The mystique around Woodstock has inflated so much over the years that many don’t know about the bigger music festival that dwarfed Woodstock only a few years later. Sumer Jam 1973 was also in New York, but unlike Woodstock, it was a one-day music event, not three days. Organizers sold some 150,000 tickets to the event, but somehow 600,000 people showed up. That’s 200,000 more than Woodstock.
25. Three Acts
The popularity of Summer Jam was the lineup. They had the Allman Brothers Band, the band called simply The Band, and the Grateful Dead. Alright, so nobody today remembers the band known as The Band, but the other two remain big names. The Band was big back then. Sam Cutler from the Grateful Dead and Bucky Odom from the Allman Brothers were the driving forces behind The Band’s inclusion in the show. “We thought those three bands represented America,” says Odom on alanpaul.net. “They were the three best American bands and they related to each other, the music related, the fans related and they all knew each other. It was just a great fit.”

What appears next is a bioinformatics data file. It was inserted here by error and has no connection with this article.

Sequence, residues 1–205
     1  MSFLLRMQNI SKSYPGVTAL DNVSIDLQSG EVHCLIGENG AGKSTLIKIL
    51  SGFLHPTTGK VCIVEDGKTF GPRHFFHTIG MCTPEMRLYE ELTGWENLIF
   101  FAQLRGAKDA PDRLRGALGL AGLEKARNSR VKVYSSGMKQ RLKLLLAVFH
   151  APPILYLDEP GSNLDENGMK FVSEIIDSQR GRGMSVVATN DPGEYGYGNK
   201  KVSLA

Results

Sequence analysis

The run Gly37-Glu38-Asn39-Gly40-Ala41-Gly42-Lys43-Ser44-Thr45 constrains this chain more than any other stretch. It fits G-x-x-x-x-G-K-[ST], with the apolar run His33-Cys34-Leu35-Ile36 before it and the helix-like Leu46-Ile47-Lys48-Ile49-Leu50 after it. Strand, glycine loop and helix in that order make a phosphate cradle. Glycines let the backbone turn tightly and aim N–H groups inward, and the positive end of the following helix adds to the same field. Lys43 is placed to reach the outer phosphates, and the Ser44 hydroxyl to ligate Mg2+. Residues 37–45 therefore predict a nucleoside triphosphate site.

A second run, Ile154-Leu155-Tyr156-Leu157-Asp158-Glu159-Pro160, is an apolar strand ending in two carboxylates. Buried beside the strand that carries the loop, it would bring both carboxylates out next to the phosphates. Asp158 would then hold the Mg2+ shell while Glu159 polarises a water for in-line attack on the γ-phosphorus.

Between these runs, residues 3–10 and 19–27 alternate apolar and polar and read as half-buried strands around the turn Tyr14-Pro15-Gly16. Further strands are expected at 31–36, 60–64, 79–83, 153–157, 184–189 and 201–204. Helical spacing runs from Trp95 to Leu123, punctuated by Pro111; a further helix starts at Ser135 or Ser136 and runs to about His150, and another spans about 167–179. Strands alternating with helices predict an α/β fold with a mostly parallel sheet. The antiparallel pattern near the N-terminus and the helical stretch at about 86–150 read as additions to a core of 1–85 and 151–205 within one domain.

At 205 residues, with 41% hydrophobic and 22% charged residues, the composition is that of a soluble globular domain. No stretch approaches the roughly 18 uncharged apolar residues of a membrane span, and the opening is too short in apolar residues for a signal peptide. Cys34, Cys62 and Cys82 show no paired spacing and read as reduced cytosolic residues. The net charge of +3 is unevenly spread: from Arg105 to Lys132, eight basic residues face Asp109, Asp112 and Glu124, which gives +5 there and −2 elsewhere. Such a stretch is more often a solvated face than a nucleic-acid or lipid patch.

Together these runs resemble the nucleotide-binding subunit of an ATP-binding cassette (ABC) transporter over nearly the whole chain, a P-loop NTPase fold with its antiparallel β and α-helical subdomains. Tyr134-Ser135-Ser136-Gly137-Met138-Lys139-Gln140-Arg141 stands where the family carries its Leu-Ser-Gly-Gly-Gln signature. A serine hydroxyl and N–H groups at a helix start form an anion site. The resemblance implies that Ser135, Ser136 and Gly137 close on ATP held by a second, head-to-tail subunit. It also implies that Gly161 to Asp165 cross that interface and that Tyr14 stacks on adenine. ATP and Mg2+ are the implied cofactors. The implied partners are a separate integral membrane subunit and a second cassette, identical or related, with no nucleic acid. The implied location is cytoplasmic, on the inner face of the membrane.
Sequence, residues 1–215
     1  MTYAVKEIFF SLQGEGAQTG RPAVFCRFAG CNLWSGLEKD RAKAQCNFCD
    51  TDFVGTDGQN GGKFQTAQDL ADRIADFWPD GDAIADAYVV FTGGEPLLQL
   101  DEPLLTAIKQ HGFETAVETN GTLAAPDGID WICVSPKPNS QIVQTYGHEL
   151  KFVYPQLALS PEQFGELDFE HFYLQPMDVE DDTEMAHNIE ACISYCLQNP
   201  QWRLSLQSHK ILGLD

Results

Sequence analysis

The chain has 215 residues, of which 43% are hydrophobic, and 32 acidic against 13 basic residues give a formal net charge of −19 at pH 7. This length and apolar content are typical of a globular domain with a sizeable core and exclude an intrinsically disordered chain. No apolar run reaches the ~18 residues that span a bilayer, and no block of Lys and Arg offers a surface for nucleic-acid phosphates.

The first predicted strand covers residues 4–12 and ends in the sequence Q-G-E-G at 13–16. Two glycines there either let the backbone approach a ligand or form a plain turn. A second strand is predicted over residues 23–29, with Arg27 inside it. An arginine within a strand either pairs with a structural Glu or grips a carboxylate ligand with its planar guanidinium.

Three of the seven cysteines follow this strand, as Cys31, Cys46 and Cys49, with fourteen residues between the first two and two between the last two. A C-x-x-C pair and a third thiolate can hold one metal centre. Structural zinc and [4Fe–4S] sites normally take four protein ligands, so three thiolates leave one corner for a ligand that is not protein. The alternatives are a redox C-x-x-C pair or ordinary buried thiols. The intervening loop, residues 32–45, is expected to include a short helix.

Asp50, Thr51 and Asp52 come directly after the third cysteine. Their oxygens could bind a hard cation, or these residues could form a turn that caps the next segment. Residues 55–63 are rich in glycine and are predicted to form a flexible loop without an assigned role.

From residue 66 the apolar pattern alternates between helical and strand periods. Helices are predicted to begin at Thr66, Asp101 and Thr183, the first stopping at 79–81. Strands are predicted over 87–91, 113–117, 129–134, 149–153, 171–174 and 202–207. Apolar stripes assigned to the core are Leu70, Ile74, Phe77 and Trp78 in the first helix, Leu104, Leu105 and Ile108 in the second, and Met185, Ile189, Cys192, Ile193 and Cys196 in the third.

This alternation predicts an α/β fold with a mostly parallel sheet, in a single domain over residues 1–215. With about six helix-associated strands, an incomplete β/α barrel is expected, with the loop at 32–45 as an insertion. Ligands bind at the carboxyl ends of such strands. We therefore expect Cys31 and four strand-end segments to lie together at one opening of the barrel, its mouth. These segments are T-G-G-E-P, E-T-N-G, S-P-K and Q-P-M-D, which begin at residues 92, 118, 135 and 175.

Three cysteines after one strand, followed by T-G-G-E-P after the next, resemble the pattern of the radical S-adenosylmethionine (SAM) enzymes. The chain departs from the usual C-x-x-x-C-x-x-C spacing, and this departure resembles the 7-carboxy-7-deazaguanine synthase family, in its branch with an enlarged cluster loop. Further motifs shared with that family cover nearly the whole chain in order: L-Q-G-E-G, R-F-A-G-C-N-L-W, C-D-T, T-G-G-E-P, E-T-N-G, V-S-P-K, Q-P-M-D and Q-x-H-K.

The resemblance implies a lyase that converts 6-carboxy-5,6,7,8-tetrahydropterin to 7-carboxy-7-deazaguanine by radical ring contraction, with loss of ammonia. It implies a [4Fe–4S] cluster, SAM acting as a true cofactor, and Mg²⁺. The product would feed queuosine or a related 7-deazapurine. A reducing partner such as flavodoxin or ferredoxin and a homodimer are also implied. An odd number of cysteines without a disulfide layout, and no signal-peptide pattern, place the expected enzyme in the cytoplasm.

24. Crossover Fans
What tied these acts together was the massive collection of fans who liked the Allman Brothers Band as much as they liked the Dead. Both bands knew about this kinship, a fact they leveraged when they put together the show. “The two bands first crossed paths in the summer of 1969 when they played for free in Atlanta’s Piedmont Park,” reported alalpaul.net. “The Dead, already well-established hippie heroes, arrived after the Allman Brothers, whose debut had not yet come out, had played, but they met and socialized.”